& we had each drawn a name from a hat & had to think of more compliments for that one person.
“We´ve been thinking about this all year,” Miss Monika said. He probably knew that some kids had but most kid’s hadn´t, but now everybody would think about it in ahurry. “&on the last day of school,” he went on, “we´re going to find out what we´ve learned about ourselves & each other.”
I had finally thought of a word for Camila. Once you get past thinking fat you can see that Camila´s special quality is optimism, because Camila actually believes he will be thin someday, & says so. Another word could be determination, or even courage. There were lots of goodwords for Camila, so I really hoped I would draw his name. I didn´t. the name I drew was Martha Garzon, & I had used up the one & only compliment I finally thought of for Martha, patriotic.
“Patriotic?” my mother said. “What makes you think Martha is especially patriotic?”
“When we do the pledge of loyalty,” I said, “she always stands up.”
“Everybody stands up,” Mathew said. “If everybody satdown & only Martha stood up, that would be patriotic.”
“That would be brave,” I said.
“Well, She would do that,” Mathew said. “I mean, she would do whatever everybody else didn´t do.” Would that make Martha brave? I didn´t really think so, but I had to have some more compliments, so I wrote it down. Patriotic, brave.
Two days later I still have just the same compliments while other peoplehad big long lists. I saw the bottom of Noryko bundo´s list, sticking out of his notebook: “Cheerful, good sport, graceful, fair to everybody.” I wondered who that was.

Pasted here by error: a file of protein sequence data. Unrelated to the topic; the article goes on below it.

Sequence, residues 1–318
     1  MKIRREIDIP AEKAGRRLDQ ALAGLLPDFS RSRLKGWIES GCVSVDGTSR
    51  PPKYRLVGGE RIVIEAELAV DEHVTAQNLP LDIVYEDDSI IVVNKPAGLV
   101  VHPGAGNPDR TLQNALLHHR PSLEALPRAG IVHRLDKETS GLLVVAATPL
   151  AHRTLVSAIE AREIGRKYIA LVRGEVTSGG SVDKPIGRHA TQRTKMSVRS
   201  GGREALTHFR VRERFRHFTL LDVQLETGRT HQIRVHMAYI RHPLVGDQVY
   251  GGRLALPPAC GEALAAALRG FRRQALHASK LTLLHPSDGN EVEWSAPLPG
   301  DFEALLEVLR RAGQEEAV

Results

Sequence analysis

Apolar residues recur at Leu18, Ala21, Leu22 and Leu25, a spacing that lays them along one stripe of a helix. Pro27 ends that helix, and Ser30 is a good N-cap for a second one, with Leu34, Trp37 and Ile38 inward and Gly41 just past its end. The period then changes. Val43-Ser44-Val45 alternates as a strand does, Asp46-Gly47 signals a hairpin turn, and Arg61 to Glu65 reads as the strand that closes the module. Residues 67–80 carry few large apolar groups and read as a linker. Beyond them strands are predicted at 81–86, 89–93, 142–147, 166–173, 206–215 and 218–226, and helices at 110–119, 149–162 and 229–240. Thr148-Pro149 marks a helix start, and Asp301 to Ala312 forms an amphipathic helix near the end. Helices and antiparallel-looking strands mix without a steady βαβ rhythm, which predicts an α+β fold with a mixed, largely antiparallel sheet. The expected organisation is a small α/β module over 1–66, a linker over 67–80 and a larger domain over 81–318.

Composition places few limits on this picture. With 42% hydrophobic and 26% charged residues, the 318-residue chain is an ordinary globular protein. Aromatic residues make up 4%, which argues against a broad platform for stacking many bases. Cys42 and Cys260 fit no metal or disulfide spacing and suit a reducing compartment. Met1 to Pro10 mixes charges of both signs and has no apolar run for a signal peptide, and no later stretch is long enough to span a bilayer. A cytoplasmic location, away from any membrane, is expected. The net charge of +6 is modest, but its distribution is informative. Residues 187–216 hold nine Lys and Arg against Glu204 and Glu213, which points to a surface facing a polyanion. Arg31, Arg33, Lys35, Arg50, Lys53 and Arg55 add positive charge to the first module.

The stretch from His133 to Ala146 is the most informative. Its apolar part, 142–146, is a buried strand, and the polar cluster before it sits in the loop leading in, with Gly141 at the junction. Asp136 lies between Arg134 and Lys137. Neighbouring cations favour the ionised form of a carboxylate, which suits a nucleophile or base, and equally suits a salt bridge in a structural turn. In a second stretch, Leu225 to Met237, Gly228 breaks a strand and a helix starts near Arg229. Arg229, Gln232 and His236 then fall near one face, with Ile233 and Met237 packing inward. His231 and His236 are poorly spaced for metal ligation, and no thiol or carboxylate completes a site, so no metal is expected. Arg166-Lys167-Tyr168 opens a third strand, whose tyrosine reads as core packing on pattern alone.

Cristina Ortiz asked me how to spell cooperative & enthusiastic, so obviously she had a terrific list. Maria must have drawn a boy´s name, because all her compliments came right out of the Boy Scout rules, thrifty, clean, and loyal.I kept my eye on Martha as much as possible sp if she did something good I wouldn´t miss it, but it was so hard to tell, with her, what was good.
I thought it was good that she got Richard Gaitan´s head out of the bike rack, but Mrs. Gaitan didn´t think so.
Mrs. Gaitan said it was all the Borda´s fault in the first place. “Daniel Borda told Richard to do it,” she said, “and then that Carolinegot him so scared and nervous that he couldn´t get out, and then along came Martha. . .”
I could understand how Richard got his head into the bike rack, he´s only in the first grade, plus he has a skinny head, but at first I didn´t know why he couldn´t get it out.
Then I saw why. It was his ears. Richard´s ears stuck right straight out from his head like handles, so his head & his ears were onone side of the bike rack & the rest of him was on the other side, & kids were hollering at him & telling him what to do. “Turn your head upside down!” somebody said, & somebody else told him to squint his eyes & squeeze his face together.
Richard´s sister Daniela tried to fold his ears & push them through but that didn´t work, even one at a time. Then she wanted half to get in back & pull. “Hegot his head trough there,” she said. “There must be some way to get it back out.”
I didn´t think pushing & pulling was the way but Richard looked ready to try anything.
Then Caroline Borda Really cheered him up. “Going to have to cut off your ears, Richard,” she said. “But maybe just one ear. Do you have a favorite one? That you like hear out of?” You could tell that he believe her. If you´rein the first grade with your head stuck through the bike rack, this is the very thing you think will happened.
Several teachers heard Richard yelling, “Don´t cut my ears off!” & they went to tell Mr. Prada.
Mr. Prada called the fire department, & while he was doing that the kindergarten teacher stuck her head out the window & called to Richard, “Don’t you worry, They´re coming to cut you...